BOSTONCharging that National Public Radio continues to purvey biased
coverage of Israel and Jewish affairs, CAMERA cited fresh examples of what it
termed prejudicial reporting and called on the publicly-funded network to
replace outgoing Editorial Director John Dinges with an official prepared to
examine the coverage objectively and to institute reforms.
"There is not only chronic bias and disregard for factual accuracy
where Israel is concernedNPR has also repeatedly veered into areas that
verge on the anti-Semitic," said CAMERA president Andrea Levin. She pointed
to an August 22, 1996 broadcast.
That segment, according to Levin, described Christianity and Islam as
benevolent faiths in contrast to an allegedly exclusivist and brutal Judaism.
NPR's "Talk of the Nation" commentator Ray Suarez had said: "In
the story of Israel, this creator God makes a compact with a particular people
and sets them apart from the nations, leads them to their own land and smites
their enemies. In the Christian story God takes on the form of a human being,
lives on earth, and pays for humanity's sinfulness with his own execution. In
Islam, the believer submits to God, and submits herself or himself to a
God-given way of life."
CAMERA, the Boston-based media monitoring agency, termed the NPR
characterization of Judaism offensive. "This is how the Jewish religion is
portrayed by anti-Semites. Why wouldn't Suarez have said instead that Judaism
gave the world ethical monotheism, setting down such universal laws of moral
conduct and compassion as the injunction to love thy neighbor as thyself?"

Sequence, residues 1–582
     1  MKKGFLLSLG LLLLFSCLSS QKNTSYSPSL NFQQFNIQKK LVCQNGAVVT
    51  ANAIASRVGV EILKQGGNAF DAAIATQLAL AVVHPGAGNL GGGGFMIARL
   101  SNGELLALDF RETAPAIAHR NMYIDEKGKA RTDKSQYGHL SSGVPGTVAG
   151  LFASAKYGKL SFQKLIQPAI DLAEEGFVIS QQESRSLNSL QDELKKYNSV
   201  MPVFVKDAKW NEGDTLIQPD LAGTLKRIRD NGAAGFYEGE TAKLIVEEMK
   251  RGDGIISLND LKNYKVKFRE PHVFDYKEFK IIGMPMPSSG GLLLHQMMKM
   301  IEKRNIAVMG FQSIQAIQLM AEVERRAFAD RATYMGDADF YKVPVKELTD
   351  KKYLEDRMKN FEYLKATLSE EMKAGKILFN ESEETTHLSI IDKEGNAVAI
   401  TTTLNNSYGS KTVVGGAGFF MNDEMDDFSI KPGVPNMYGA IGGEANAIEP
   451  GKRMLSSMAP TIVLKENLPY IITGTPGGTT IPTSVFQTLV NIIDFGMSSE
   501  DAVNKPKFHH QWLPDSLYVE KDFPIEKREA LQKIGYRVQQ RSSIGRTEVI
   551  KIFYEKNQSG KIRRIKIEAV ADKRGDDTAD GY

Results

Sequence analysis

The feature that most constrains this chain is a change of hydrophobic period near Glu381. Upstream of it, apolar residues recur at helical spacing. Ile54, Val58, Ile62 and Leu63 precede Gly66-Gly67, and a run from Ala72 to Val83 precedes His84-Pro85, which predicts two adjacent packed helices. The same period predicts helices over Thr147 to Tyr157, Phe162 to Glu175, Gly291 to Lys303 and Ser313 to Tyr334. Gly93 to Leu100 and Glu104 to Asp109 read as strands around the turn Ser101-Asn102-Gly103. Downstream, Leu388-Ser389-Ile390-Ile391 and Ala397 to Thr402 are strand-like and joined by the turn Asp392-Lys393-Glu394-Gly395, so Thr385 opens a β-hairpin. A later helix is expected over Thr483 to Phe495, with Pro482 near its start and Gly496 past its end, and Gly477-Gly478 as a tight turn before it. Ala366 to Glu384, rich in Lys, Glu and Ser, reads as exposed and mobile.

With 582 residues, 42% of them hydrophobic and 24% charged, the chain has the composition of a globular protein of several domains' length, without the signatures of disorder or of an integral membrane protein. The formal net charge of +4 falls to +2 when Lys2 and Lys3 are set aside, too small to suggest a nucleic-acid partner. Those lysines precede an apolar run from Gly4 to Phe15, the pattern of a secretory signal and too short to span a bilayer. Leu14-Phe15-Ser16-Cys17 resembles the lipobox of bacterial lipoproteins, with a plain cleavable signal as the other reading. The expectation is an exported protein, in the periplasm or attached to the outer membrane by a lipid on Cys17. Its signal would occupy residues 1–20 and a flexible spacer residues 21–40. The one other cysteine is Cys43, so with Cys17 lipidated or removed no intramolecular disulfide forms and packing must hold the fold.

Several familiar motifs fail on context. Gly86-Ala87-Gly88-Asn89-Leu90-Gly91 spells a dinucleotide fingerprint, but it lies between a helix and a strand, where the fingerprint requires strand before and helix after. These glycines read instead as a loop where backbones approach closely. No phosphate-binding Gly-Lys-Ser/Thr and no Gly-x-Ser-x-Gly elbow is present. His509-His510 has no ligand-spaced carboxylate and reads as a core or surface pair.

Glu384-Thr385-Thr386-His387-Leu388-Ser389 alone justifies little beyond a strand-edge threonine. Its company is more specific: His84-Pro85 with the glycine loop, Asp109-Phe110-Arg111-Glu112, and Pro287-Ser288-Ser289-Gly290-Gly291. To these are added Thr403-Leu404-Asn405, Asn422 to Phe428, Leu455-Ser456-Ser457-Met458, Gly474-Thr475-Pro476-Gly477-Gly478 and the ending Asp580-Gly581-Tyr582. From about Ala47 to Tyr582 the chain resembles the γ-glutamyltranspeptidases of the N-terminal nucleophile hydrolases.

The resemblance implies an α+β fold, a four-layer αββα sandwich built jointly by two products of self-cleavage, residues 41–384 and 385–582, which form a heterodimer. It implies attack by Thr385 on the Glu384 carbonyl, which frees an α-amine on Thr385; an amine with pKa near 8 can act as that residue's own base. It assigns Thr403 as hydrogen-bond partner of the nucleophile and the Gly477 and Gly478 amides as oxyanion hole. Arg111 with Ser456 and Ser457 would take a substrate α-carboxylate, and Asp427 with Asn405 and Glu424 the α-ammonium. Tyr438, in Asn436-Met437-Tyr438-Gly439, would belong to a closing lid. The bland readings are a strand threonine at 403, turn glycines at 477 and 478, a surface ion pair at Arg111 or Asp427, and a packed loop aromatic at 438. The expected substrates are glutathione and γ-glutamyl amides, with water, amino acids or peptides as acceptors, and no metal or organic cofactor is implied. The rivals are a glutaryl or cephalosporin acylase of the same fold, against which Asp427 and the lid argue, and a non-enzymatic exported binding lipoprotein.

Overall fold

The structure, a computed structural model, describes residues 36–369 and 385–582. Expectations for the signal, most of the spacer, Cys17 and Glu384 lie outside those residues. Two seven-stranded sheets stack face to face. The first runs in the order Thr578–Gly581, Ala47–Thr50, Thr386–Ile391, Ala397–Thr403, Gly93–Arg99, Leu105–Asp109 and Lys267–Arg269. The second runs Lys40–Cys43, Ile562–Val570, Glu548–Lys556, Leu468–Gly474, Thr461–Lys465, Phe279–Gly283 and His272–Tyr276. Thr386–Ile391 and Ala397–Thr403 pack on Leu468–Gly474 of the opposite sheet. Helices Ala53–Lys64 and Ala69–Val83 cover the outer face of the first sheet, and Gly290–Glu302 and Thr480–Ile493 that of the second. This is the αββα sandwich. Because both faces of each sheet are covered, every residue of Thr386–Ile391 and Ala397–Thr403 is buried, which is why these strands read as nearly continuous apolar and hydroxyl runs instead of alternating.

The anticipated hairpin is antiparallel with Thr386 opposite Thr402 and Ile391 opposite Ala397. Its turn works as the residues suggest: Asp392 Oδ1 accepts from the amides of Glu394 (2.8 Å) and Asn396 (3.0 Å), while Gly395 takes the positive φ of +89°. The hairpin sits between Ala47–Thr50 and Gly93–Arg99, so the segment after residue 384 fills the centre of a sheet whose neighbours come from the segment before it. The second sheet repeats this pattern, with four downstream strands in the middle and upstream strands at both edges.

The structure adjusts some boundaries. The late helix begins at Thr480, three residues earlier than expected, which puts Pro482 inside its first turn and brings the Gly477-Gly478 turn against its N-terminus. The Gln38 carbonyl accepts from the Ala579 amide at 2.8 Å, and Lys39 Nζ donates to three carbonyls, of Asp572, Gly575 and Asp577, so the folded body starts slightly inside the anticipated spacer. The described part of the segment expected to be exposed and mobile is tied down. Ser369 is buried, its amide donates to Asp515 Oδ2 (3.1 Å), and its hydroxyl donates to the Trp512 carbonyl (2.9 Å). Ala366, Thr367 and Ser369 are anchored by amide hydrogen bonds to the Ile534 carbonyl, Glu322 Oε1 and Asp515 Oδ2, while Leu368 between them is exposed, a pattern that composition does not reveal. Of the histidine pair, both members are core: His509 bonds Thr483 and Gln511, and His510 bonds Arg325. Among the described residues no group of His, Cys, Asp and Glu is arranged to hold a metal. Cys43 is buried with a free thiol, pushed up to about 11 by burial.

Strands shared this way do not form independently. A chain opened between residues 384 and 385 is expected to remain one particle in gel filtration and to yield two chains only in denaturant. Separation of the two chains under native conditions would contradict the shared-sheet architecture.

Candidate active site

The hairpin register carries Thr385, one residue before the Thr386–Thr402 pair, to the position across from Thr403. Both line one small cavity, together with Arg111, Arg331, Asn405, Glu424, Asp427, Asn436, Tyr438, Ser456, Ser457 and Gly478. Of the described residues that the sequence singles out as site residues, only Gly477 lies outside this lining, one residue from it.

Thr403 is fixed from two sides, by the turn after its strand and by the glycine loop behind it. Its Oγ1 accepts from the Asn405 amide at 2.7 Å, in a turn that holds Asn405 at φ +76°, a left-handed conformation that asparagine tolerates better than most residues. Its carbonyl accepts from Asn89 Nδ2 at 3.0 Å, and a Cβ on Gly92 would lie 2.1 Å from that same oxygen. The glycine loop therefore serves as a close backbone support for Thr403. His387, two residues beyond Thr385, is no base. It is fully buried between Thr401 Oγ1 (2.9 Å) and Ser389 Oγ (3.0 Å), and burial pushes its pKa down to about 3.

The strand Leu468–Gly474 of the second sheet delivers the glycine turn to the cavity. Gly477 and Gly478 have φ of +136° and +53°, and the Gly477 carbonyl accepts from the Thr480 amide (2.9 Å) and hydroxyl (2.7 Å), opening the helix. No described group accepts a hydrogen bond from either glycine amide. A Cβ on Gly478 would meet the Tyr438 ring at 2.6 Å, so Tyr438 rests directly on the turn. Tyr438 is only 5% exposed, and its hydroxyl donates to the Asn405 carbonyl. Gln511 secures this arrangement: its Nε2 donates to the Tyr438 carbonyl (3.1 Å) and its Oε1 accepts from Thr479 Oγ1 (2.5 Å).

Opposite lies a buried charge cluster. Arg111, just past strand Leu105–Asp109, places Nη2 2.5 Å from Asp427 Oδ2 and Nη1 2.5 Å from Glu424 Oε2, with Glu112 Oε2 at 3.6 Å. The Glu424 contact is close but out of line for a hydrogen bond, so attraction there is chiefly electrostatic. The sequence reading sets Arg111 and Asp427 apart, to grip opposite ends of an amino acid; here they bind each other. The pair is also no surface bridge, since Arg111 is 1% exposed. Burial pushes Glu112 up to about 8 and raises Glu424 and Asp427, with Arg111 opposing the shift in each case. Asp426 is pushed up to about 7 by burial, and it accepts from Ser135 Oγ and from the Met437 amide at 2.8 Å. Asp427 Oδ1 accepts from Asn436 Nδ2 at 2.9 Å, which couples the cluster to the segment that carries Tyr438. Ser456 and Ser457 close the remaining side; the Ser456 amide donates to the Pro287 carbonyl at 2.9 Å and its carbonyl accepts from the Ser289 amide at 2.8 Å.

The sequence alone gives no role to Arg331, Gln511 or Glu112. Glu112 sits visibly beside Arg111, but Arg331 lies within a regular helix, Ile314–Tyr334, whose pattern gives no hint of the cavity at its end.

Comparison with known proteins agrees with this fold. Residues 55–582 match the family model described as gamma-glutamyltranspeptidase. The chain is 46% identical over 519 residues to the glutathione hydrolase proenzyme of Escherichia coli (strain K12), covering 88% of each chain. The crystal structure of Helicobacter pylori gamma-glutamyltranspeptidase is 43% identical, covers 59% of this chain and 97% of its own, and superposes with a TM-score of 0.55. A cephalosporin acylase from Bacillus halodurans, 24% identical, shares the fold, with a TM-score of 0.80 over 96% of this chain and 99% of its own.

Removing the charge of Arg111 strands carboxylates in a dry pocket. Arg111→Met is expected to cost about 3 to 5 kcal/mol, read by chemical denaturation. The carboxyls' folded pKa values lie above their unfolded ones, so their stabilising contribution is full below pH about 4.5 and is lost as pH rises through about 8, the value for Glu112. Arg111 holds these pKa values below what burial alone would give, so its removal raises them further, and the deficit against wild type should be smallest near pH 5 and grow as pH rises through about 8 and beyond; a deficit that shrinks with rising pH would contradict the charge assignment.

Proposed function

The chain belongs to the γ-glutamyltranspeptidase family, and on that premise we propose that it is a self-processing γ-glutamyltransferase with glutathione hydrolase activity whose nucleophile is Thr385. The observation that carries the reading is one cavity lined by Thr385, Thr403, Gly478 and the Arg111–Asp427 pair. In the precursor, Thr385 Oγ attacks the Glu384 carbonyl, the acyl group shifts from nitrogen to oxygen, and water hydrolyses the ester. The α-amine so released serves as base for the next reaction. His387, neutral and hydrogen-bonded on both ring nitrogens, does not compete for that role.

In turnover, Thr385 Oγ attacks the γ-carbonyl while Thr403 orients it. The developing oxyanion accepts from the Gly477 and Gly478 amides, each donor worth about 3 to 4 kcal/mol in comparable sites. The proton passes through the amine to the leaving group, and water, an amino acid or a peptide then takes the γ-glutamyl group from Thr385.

said Levin. She noted as well that the inscription on the Liberty Bell is taken
from Judaism: "Proclaim liberty throughout all the land, unto all the
Other universalist themes of peace, charity and justice are rooted in
Judaism. Levin observed too that, contrary to NPR, the Jewish faith is open to
all. The Hebrew
book of Isaiah says "My house shall be a house of prayer for all
people." Nevertheless, in the classic inversion Suarez has cast the Jews,
historically the victims of aggression and exclusion, as violent and separatist.
Nor is Suarez's comment stigmatizing Judaism an
isolated case on NPR. In the
aftermath of the assassination of Prime Minister Yitzhak Rabin, Scott Simon
invoked Biblical comparisons in a mean-spirited dissection of Rabin's character
wrongly charging that the Israeli leader had called for the breaking of
children's bones, and referring to the Biblical David as a "brute and a
bandit." Simon described the Old Testament as a chronicle of "cynics,
rogues and recovered scoundrels." Levin commented that it would be hard to
imagine NPR embracing hoary caricatures of other religions.
According to CAMERA, the attitudes toward Judaism appeared to reflect a
mindset at the network that colors reporting on Jewish issues and Israel
generally. Levin pointed to a number of recent programs seriously distorted by
this mindset. "A three-part series on Louis Farrakhan in May was scandalous
in minimizing and excusing the anti-Semitic demagoguery of the Nation of Islam
leader," said Levin. "The programs were overwhelmingly sympathetic to
Farrakhan. His hate-mongering was rationalized as a consequence of childhood
encounters with Jewish students and was downplayed as a 'political tactic' that
"In the same way, coverage of Israel relentlessly ignores real issues,
including Arab anti-Semitism and Palestinian violations of the Oslo Accords, and
substitutes a political agenda endorsed by the journalists." Levin said
that the very day Ray Suarez was stigmatizing Judaism, Linda Gradstein was
ignoring Palestinian commitments under the Oslo Accords, and blaming Israel
alone for lack of progress in peace negotiations. "Unfortunately, NPR seems
to have a Jewish problem. It's time for a change of guard at the network and,
finally, an honest self-examination."